The reason why the first-ever black hole photo was such a big deal

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During April 2017, the Event Horizon Telescope project turned eight satellites towards a point in space. Scientists were trying to take a photo that would confirm years of speculation and theorizing. They were taking a picture of the now famous black hole at the centre of the Virgo A galaxy Messier 87.

Released on 10 April 2019, the blurred image of a ring of bright orange shed light one of the biggest mysteries of our time. A miracle of technology, data-recording and timing has brought us our first glimpse of a concept that was previously the work of science-fiction.

All this talk, but what does this new discovery mean for us and science as we know it? And why is everyone getting so excited over it?

An answer after a century of speculation

Finally, we have an answer. Speculation about black holes dates to the early 1900s, when we discovered that light can be warped with fluctuations in gravity. This realization led physicists to theorize that there could be objects in space that have masses and densities so immense that even light, the fastest speed known to man, is trapped in its pull.

Albert Einstein’s theory of relativity claims that as all this energy gets sucked in, it reaches a point at its centre where density reaches an infinite value, creating a gravitational pull nothing can resist. All light and objects are trapped here and can no longer be seen. They call this point the event horizon – the black hole at the centre of the orange loop.

While it all sounds insane, observations made of events that occurred in space would only make sense with Einstein’s framework. Scientists have seen dust clouds and stars interacting with massive gravity waves that they logically assumed would be a black hole. Stars would make loops around an invisible point and slingshot off at great speeds. There are plenty of images of light matter collected around a point suspected to be a black hole, but we’ve never been able to gaze at its core – the event horizon itself, which would put any doubt to rest.

Miracle of circumstance and technology

Another reason why this was such a big deal was how rare it was for the stars to literally align for an image like this to be taken.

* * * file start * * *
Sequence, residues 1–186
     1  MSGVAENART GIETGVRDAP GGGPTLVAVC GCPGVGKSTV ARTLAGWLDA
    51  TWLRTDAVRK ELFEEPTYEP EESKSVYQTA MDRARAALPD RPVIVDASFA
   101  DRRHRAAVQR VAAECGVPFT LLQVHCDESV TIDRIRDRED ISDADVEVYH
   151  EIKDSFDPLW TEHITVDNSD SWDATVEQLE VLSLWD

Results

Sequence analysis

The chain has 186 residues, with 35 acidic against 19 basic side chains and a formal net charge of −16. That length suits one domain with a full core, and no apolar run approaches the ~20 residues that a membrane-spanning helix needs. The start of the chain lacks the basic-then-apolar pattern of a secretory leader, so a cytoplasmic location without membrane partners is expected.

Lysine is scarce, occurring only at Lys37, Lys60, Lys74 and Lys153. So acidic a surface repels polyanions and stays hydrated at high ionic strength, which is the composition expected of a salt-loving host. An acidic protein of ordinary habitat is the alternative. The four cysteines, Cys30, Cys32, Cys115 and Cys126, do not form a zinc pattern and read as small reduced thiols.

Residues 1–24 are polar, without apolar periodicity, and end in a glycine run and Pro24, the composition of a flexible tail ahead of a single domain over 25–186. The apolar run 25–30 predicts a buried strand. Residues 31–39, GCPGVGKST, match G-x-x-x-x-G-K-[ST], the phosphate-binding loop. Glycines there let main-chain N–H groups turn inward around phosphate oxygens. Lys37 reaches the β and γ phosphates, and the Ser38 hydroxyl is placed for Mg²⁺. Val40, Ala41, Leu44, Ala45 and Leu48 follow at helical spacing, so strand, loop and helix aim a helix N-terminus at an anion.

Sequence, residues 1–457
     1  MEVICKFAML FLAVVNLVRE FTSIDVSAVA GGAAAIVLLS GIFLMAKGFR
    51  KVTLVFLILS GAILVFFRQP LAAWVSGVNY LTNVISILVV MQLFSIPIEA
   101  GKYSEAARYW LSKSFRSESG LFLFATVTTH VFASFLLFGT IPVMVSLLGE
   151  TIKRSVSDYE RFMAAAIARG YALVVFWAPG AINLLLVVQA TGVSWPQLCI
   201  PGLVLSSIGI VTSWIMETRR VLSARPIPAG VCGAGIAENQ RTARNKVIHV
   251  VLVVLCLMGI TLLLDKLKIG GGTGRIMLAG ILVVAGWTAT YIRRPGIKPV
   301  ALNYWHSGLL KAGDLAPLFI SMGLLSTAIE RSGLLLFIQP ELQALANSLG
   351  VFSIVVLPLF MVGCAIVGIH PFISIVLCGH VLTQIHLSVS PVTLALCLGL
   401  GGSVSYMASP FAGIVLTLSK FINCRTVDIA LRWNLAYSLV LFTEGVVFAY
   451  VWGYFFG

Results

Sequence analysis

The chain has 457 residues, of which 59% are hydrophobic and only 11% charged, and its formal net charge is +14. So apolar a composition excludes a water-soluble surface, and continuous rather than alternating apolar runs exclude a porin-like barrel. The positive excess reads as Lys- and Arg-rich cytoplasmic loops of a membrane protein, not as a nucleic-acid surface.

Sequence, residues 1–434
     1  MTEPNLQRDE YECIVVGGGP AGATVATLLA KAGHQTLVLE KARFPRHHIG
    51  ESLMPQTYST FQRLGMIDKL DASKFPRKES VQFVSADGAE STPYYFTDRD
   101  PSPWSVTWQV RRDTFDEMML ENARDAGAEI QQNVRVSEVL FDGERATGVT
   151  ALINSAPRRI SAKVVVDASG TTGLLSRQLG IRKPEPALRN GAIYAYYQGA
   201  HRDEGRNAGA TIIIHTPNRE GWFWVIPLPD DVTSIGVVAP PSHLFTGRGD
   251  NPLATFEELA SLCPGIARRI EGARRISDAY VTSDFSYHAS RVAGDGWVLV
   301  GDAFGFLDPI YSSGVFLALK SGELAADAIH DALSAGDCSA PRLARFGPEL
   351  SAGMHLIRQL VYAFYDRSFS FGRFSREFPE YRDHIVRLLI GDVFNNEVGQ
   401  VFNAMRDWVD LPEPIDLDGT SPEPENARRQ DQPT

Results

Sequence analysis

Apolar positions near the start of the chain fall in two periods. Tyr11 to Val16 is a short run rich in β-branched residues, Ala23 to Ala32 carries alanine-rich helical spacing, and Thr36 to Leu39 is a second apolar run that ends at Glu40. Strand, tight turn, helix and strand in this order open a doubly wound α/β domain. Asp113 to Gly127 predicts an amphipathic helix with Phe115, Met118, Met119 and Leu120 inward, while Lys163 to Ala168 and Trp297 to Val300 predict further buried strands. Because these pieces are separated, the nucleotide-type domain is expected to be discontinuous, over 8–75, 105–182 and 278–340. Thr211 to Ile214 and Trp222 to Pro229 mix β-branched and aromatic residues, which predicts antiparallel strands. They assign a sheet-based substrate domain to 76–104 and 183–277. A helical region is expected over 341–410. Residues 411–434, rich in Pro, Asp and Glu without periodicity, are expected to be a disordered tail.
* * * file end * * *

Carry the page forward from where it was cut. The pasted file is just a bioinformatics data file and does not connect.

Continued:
For years, scientists have tried to take a picture of the black hole in our own solar system the Milky Way. It would make sense; The Sagittarius A* black hole in our system much nearer and we’ve seen indirect evidence that the theorised event horizon would exist.

But it’s not been easy as because of its proximity to Earth, it doesn’t “keep still” for the shot. We could only get images of events and matter around the supposed black hole.

The image we got in the end, of the Messier 87 black hole in the galaxy Virgo A, is far enough that it is more stationary in the sky. Being 55 million light-years away, it makes it possible for scientists to get a mugshot straight down the middle.

With that said, it wasn’t just a point-and-shoot. It was several years’ work, utilizing satellites from all over the globe. In short, eight telescopes from around the world pointed at Virgo A and combined their observations together to piece together the image we have today. The image files on each satellite were roughly 350 terabytes a day. They couldn’t be transferred over, but instead flown over to have the images assembled.

No wonder the EHT project team called this an “Earth-sized telescope.”

Now what?

The image will help astrophysicists sleep better at night knowing the theory they’ve been banking on for years is once again validated, and then some. One of the core pillars of science today, it would be devastating should we have found out Einstein was wrong. The great scientist’s equations predicted there would be a perfect circle and we now have hard evidence.

Beyond a good night’s sleep, the image helps scientists to get a better estimate of the precise mass of the black hole. Before last week, they only had images of events around the hole to make guesses. The Virgo A black hole is estimated to be 6.5 billion times the mass of our sun. To put this in perspective, the sun is 330,000 times the mass of Earth. That’s a lot of zeroes.

This knowledge puts scientists in a better position to make analyses and approximations of black holes and other events in the universe.

The discovery may not blow the minds of many of us who’ve grown up with science-fiction films the likes of Doctor Who and Interstellar. But it’s certainly a triumphant moment and an encouraging testament to our thirst for discovery.

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